"As one door closes, another opens", they say sometimes. This is the first IGF I have attended... and yet if the initial plan is to be kept, it may be the last occurrence of this international gathering. I have to say, if that's how it turns out, it will be a shame.
I say that even as someone who has only had a brief glimpse of the rich, complex and sometimes confusing world of IGF's activities. I'm so grateful to APC and my colleagues from Diplo, for their guidance through the first couple of days and helping me work out what to attend, how to raise questions, and how to engage others in the discussion. Thanks to their help, my first day was an amazing "whirl" through Lit Expo, registration, that the ACP (Africa-Caribbean-Pacific) professionals' training workshop run by the Diplo Foundation. What a wonderful introduction to the multidisciplinary field of IGF.
That said, I have to say that the "Introduction to the IGF for newcomers" on Day One was, frankly, less useful. I'm sure it was well-intentioned, but to be honest, I found it rather too slow, and not focussed on the things I wanted to hear about.
Internet Governance and Human Rights, run by APC and its partners was also one of the pre events I attended. I've been looking forward to this workshop so much, ever since I first saw the agenda, that in a way I was worried in case it didn't live up to my expectations. Luckily I need not have been concerned; the workshop went amazingly well, with great discussion on Freedom of Expression, which was an area I particularly wanted to explore.
The first day I took part in the APC workshop on Sexual Rights, Openness and Regulatory Systems; although this had not been a primary focus of mine in the run-up to IGF, I found the discussion interesting and useful, because the panellists put their messages across well, and didn't get sidetracked. This workshop topic is one which has such varied interpretations depending on where you are in the world, and of course the internet thinks little of international boundaries or cultural differences. In that respect, I think it is not only a key topic for IGF to address, but also that if IGF were not looking at it, there would be no obvious place for the work to progress. That would be a bad thing.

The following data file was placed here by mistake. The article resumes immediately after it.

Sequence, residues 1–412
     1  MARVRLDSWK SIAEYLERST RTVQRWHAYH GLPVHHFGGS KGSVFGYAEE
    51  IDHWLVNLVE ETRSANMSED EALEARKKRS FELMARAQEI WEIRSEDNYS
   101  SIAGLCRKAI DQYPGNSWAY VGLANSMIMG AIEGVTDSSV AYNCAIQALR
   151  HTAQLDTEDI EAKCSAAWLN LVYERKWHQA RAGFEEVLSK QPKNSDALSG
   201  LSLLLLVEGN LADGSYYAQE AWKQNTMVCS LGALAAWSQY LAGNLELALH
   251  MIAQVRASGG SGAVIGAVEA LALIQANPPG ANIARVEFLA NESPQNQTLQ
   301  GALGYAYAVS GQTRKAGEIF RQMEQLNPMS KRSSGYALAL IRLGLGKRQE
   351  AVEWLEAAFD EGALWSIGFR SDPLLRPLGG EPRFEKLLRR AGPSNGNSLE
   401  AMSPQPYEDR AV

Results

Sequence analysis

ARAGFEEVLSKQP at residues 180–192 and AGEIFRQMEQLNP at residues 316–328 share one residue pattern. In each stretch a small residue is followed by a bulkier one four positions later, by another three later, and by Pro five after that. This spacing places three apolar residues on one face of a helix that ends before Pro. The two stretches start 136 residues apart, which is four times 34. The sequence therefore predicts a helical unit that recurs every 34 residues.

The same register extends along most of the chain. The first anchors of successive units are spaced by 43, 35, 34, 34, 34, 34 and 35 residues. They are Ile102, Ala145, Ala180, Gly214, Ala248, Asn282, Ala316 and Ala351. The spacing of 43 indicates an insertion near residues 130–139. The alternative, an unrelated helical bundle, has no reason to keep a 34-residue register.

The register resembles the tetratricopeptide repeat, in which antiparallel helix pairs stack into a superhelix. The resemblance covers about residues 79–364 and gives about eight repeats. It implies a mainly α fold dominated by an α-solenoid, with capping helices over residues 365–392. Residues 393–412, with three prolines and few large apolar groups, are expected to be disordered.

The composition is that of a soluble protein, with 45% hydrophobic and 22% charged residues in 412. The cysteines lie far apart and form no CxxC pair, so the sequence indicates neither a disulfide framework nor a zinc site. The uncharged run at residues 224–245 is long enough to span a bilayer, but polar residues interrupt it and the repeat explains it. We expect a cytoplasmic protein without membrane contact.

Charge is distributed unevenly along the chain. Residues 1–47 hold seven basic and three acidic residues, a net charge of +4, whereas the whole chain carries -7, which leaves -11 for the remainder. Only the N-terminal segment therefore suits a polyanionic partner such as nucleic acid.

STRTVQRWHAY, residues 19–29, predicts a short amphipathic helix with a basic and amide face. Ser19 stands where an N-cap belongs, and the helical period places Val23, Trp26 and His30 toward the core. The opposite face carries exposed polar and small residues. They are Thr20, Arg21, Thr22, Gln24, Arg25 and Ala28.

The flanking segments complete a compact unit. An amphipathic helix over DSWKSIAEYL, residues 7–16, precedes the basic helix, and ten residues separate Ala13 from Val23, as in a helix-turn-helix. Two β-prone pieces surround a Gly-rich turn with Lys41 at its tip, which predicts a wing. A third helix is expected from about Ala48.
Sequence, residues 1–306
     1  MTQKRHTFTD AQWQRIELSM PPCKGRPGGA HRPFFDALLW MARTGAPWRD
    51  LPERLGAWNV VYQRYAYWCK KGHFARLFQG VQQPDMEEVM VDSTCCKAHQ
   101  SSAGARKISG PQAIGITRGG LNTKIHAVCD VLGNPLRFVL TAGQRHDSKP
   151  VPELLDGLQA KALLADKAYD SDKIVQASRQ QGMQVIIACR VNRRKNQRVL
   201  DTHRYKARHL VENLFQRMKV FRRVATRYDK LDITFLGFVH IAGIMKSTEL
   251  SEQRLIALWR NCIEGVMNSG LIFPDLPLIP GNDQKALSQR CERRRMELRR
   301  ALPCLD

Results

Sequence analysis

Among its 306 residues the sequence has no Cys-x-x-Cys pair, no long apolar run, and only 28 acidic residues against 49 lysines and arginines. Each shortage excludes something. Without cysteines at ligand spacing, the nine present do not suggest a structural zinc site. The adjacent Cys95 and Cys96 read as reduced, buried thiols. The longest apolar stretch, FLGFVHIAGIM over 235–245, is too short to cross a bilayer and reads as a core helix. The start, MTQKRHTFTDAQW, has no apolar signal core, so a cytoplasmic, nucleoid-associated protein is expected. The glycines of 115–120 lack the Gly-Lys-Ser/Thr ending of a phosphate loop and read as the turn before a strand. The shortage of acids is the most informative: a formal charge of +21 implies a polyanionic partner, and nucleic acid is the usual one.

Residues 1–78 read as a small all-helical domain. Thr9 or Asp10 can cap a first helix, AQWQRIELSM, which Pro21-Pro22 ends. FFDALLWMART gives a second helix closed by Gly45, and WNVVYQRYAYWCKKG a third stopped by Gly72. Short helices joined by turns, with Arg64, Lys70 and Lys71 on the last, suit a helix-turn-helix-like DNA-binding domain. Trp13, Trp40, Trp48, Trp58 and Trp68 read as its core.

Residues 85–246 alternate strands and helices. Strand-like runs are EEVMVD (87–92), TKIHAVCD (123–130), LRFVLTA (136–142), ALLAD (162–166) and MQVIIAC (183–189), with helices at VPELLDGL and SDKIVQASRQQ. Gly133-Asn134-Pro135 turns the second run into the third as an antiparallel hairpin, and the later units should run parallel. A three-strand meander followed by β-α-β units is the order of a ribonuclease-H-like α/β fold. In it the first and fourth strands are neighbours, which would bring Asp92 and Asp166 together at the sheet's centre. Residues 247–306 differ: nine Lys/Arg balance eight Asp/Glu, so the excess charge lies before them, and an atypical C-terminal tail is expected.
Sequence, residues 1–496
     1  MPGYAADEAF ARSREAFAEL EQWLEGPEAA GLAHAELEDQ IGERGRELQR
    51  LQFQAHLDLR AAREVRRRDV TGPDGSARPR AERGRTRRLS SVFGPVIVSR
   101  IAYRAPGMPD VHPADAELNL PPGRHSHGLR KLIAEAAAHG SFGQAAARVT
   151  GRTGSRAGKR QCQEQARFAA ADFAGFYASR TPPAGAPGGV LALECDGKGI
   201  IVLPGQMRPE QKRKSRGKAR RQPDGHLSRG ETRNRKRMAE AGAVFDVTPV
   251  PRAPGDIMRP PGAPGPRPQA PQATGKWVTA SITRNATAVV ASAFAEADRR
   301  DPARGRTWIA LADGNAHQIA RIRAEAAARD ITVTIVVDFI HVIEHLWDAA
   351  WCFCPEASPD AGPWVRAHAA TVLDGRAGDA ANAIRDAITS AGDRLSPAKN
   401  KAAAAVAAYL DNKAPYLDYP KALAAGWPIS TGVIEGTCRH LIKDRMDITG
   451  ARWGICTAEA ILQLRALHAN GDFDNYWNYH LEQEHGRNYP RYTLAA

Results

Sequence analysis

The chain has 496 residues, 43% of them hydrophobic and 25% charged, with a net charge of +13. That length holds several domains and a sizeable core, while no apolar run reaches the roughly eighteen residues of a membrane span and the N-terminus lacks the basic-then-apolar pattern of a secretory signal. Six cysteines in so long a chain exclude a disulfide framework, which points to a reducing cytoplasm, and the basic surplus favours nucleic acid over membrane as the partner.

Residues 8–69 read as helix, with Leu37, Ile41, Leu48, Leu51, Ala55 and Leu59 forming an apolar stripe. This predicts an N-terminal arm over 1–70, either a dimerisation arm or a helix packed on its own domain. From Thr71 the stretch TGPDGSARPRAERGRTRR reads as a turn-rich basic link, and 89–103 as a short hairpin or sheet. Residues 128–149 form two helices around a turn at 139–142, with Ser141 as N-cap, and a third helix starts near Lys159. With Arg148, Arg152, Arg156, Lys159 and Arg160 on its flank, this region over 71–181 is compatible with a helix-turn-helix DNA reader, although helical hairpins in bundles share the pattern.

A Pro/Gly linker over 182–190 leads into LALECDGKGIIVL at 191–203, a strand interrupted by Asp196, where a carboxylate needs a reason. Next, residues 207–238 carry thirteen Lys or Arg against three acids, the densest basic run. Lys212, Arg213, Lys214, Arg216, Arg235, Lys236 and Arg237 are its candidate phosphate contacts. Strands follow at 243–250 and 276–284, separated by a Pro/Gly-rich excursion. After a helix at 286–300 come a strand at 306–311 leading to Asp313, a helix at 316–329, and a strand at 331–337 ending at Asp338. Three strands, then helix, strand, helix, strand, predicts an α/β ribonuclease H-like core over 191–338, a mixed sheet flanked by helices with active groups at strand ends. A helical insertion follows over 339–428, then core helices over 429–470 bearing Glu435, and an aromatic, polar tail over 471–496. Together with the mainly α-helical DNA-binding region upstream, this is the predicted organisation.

So, does the IGF enterprise have a future? I sincerely hope so. In 2006 the IGF set out to create, under a mandate from the UN's World Summit on the Information Society, a forum for multistakeholder dialogue on internet-related issues of public policy. My impression from this, the fifth conference, is that is has certainly succeeded in creating a forum and engaging with rich, diverse and global sets of stakeholders. The problem is, of course, that starting the dialogue is only the first step. What that does is help identify and describe the issues those stakeholders face. Once that is done, there is still a lot to do.
For one thing, of course, the work done so far has often simply revealed that original problem statements were either too simplistic, too vague, or simply misdirected.
For another, the world which the IGF seeks to address is one which - by definition - changes constantly, rapidly and radically. Applying governance to the Internet is like trying to nail smoke to the wall. Even those problems which were clearly understood four years ago, and addressed successfully in their original form, have often evolved over the intervening years, and now need to be re-appraised and addressed afresh.
And of course, four years is quite enough time for entirely new problems to arise - problems which are still a long way from being clearly defined and addressed, let alone solved. By its original terms of reference, the IGF's work is coming to a close. Judging by the discussions I have been able to participate in, its work is only just beginning.